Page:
According to Scientific American, virtual dating is "the next step in online dating" (Feb/March 2007, p. 35).[16]

A Time Magazine article entitled "Internet Dating 2.0" was published on January 19, 2007 citing current and upcoming technologies and explains how people can now connect in a virtual dating environment. Time describes how websites are allowing people to meet for an avatar based, graphically enabled virtual date without leaving their homes.[17]

Researchers at MIT and Harvard have found that "people who had had a chance to interact with each other (by computer only) on a virtual tour of a museum subsequently had more successful face-to-face meetings than people who had viewed only profiles."[16]

These three dimensional experience has reported more registrations from women than men. One explanation for this phenomenon is that virtual dating allows women to have complete control over who they select and how they interact. Virtual dating also eliminates large amounts of emails in women's inboxes and allows women to enjoy a friendly dating option.

  Video dating

Video dating is a form of virtual dating that allows all users to use live dating services with actual reality that stimulates a real dating experience. Sites offering video dating allow 3-5 minute webcam interviews with online matches.[18]

  Online dating assistants

Not a long time ago, various websites were available on the Internet with access to valuable tips on how to find a partner, and especially focused on how to find women. Dating Internet services have expanded and are now offering many more services to make it easier for people to find a partner.

Last June, 2010, The Washington Post published an article on a new service Internet dating companies are offering: online dating assistants. Dating companies offer the services of ghostwriters to help busy people find dates through Internet.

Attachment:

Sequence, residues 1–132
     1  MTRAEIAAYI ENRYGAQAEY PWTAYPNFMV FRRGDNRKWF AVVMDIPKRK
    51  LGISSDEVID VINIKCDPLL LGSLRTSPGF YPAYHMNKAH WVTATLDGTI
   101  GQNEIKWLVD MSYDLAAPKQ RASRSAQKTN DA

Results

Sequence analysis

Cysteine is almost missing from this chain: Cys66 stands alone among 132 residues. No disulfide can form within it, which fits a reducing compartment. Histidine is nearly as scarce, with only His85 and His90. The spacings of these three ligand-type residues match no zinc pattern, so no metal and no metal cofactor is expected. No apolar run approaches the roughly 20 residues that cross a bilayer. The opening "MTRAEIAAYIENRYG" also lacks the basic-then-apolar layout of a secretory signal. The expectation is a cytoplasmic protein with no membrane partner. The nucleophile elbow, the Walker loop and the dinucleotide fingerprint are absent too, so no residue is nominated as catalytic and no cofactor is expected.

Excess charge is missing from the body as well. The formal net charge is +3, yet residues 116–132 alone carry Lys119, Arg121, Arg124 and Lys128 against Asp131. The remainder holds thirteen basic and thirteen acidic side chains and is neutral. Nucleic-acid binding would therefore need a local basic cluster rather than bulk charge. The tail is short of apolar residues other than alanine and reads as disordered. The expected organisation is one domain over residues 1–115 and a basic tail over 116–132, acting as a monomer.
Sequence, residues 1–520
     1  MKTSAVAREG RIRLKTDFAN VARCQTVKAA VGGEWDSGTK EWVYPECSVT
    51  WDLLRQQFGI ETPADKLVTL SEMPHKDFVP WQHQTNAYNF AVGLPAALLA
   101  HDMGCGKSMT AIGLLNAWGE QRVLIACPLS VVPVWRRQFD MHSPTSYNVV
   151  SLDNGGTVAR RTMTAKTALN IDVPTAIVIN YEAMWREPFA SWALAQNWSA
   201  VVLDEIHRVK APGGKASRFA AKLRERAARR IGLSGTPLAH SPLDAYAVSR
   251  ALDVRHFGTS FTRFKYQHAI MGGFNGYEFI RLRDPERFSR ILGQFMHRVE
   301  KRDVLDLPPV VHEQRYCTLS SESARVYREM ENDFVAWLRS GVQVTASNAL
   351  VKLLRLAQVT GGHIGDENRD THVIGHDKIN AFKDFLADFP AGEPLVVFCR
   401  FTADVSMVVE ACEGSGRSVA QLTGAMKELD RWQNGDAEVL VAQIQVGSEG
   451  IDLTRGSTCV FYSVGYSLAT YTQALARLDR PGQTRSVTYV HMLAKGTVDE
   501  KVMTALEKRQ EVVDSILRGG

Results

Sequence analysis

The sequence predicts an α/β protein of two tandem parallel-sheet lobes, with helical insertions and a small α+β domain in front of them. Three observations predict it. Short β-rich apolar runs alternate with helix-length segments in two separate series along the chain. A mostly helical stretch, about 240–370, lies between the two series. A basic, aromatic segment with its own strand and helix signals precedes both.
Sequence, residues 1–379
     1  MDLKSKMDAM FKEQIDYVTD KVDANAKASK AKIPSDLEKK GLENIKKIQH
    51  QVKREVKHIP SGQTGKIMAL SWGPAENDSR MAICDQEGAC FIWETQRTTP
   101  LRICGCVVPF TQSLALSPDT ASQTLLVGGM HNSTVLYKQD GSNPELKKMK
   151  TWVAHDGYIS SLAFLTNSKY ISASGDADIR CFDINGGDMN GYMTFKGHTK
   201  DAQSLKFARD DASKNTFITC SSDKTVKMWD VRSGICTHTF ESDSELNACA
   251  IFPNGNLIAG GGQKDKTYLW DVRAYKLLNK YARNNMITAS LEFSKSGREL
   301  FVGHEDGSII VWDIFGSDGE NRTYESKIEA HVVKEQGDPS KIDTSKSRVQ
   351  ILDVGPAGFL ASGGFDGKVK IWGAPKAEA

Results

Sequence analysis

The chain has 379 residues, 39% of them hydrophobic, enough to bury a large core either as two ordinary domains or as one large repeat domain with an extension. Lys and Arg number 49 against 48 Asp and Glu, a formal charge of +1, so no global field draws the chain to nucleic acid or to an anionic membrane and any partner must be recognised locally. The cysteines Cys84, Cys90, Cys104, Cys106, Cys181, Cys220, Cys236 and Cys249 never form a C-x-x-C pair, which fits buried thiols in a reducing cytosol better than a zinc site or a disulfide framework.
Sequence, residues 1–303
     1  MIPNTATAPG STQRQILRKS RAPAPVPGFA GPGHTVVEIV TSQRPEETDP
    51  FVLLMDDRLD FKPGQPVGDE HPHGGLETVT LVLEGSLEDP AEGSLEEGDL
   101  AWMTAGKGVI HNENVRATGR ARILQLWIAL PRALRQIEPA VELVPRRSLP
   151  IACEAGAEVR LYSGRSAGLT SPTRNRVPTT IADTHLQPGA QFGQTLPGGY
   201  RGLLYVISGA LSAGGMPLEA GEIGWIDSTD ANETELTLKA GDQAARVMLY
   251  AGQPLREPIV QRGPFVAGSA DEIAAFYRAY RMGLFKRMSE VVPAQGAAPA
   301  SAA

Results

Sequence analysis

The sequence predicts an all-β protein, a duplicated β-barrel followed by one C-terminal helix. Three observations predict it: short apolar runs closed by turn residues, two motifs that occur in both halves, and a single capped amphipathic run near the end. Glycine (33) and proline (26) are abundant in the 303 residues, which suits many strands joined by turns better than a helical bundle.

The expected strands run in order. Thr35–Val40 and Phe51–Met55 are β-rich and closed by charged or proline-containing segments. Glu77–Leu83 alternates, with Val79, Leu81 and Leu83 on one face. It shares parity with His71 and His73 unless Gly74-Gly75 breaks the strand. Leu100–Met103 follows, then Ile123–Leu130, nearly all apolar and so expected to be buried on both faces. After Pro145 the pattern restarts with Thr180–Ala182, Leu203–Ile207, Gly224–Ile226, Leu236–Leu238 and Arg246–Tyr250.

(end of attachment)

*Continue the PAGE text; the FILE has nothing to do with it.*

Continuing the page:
The services start by helping customers build their profile, a practice already offered by several online dating sites. However, the service continues with picking out potential matches, the writer then sends introductory e-mails to the possible matches and continues messaging back and forth until they can confirm the date. Although the service was used at first mainly by men, this has changed with more ladies using this service as well.[19]

This kind of service has been considered as misrepresentation and, thus ethically questionable, by those against it.[20]

  Social networking

The role of social networking services in online dating has been explored in a book dedicated to the subject.[21] The findings of the study reveal that the online dating services driven by subscriptions offer the least amount of social networking opportunities, as they often only utilize the personal homepage genre of online community, which only makes them effective for the bonding and encoding stage of the relationship. The dating services modeled on the free-at-the-point-of-use model scored much higher as many of them utilized the Circle of Friends social networking method and a wider number of online community genres. The highest scoring dating service was Facebook, which uses the personal homepage genre, the message board genre, the weblog and directory genre, as well as utilizing the Circle of Friends. The second highest scoring, Second Life utilizes virtual worlds, message boards, chat groups and profile pages to allow people to contact in a three-dimensional environment. More recently, the impact of social networking on online dating has been featured in the Museum of Social Media's exhibit "i luv you!"[22]